A handful of mid- or late-eighteenth-century deeds and wills made reference to a “Mark Bannerman” as owner of the place for a brief period, c. 1726-27, but with research came a more fascinating full picture. The most interesting thing about his ownership appears to be that he changed the name from its already-in-use “Mahockney” to “Nehocknay” or “Nehockney” … and one can only assume a bit of Gaelic air there. That name lasted through the next owner, a Mr. Edmund Bagge, largely because Bagge married Bannerman’s widow Katherine (or Catherine) and got the place that way 🙂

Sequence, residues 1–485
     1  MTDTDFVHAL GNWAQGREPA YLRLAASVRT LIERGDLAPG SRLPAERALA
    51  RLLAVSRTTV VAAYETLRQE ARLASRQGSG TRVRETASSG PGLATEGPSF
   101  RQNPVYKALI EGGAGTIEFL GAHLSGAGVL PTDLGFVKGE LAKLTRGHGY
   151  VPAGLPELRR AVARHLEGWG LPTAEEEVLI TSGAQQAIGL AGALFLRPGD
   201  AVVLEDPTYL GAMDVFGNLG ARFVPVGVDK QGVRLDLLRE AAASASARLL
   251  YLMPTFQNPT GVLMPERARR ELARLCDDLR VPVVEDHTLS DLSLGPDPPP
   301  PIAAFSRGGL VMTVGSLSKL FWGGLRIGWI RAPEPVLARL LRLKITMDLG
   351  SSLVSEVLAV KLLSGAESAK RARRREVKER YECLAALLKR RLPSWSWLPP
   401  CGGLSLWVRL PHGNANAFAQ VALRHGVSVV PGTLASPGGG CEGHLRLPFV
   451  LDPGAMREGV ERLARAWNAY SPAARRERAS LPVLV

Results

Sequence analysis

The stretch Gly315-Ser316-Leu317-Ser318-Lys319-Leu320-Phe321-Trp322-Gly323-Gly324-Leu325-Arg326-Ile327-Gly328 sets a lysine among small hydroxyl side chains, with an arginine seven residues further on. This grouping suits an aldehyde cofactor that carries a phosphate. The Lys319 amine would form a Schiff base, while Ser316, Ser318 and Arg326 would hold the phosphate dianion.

Bannerman’s note of pre-Burns Scottish influence in America became evident when research uncovered an obscure 1961 article in a now-defunct medical journal (of all places), of a light-hearted nature encouraging doctors to live a full life with non-medical artistic interests, using Bannerman as an exemplar. The author got a couple of things wrong and didn’t know the half of Bannerman’s history (Scottish rebel, exiled, etc.), but all that continues to be pieced together with subsequent research.